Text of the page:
Step 4: Create an account on Recreation.gov

Since you are on your computer, head over to Recreation.gov and create an account if you don’t have one already.

You don’t want to log on at 7am on the day your reservation window opens, only to realize you have to create an account. If you already have one, log in to make sure you know your password. Save your password somewhere safe.

Create more than one account (you’ll need a different email for each). This way you can open up multiple tabs on the day of to try for different sites at the same time… more on that later.

Step 5: Recruit others

The more people you have to help you secure your desired campsite, the better. Divvy out your campsite options to your helpers. You may want to give them a nudge to create an account (everyone needs their own) and set their alarm.

Write down detailed steps (or use ours below) to hand out to your helpers. You’ll want the reservation process to be as easy as possible so no one gets stuck still trying to find the correct campsite after the open time. Be organized and make it clear what site they are booking and for what days.


PRIOR to 7am on the morning of:

  • Sign in to your account on Recreation.gov. Navigate to Yosemite NP and select the campground you’ve chosen
  • Enter your Check in and Check out dates, click on Show Sites
  • Pick a campsite. You can either use the list on your left or the map on your right to choose

If you are camping in a trailer or RV, you will need to find the sites that allow them. Even though all of the sites within Yosemite are non electric (meaning no hook ups), there are select sites for trailers and RVs, due to their size. When looking for a site, click on “More Filters”, check RV or trailer, and it will filter only the sites that are available to you. If you are in a tent, you don’t need to worry.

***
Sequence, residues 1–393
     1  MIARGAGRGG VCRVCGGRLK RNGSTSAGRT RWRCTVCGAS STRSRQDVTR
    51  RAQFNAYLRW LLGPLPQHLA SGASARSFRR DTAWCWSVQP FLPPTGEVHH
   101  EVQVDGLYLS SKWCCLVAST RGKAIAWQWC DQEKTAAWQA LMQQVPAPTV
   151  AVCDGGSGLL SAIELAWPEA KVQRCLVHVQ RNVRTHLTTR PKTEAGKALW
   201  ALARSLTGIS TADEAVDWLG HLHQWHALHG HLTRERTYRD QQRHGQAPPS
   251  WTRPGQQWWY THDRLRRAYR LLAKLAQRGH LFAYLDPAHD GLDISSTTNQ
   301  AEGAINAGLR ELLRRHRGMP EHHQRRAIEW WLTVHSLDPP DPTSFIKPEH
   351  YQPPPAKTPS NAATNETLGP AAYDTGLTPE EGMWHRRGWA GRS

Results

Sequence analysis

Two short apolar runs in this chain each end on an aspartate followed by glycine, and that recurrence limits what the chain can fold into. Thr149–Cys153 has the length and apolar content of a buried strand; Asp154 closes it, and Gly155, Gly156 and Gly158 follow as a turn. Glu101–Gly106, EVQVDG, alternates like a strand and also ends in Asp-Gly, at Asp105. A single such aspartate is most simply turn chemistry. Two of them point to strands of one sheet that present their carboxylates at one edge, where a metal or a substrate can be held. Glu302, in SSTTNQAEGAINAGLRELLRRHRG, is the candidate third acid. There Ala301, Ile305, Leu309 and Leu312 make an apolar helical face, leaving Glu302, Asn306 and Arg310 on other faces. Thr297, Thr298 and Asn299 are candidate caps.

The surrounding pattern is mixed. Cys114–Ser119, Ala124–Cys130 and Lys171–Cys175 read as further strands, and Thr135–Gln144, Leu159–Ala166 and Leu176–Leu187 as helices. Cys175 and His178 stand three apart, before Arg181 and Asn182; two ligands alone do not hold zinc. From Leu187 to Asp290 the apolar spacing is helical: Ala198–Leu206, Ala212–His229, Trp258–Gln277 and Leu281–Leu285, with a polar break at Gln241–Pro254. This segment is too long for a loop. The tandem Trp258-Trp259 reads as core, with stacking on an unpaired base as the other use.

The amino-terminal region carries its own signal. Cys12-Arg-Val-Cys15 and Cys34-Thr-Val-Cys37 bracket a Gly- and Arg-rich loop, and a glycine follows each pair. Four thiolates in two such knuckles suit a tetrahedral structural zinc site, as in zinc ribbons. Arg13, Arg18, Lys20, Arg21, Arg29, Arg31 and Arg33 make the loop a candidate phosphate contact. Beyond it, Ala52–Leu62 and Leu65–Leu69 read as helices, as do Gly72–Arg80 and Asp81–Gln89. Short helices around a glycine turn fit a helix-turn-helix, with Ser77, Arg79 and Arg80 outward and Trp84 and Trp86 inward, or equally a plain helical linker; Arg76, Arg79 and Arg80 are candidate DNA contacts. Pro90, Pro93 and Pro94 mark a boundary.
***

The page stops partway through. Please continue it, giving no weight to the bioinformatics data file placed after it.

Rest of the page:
The riverside campsites are the most popular choices, for good reason. If you are really set on this, go for it! But make sure you have someone else going for another site in case you don’t get it.

Step 7: Watch the clock

As soon as the clock hits 7AM PT, BOOK NOW. Click it as fast as your little fingers can handle.

Have multiple tabs or windows open for various campsite options. To do so, a different account is needed for each separate window. Once the clock strikes, hit book now on all of your windows before you go back to see if you got one or not. You can hold a campsite in your cart for 15 minutes. So if you get one, go back and try to get more before your 15 minutes run out. You can always drop a campsite out of your cart if you don’t need it because you got so many (that’s the hope, right?). Communicate with your helpers and make sure you are dropping only what is not needed.

Refresh the page for available campsites after 15 minutes (the time when people’s carts are expiring) because they may be dropping campsites out of their carts before they check out. Sometimes you can snag up a great campsite because someone else let it go.

Step 8: Check out and give yourself a pat on the back!

Remember that you can hold a campsite in your cart for 15 minutes, which means you need to check out prior to that time expiring. There are several steps to go through to check out (billing info, reservation holder info, vehicle info, etc) so don’t wait until the last minute (literally) before purchasing.

Have your credit card info either pre-populated in your browser so it pops up automatically, or have it in a Word doc on your computer so you can just copy and paste. It seems simple, but helps a lot — especially when you are racing the clock.

WOW that was a lot, huh? It can be stressful, trust us. The good news is, you don’t have to do it yourself! Spare yourself some anxiety and let Tracks & Trails book your campsite for you! We have several trips to Yosemite, including:

Yosemite, Sequoia & Kings Canyon

Big Sur, Sequoia & Yosemite

Lake Tahoe & Yosemite

Zion, Grand Canyoh, Bryce & Yosemite

View Our Family RV Vacations to Yosemite National Park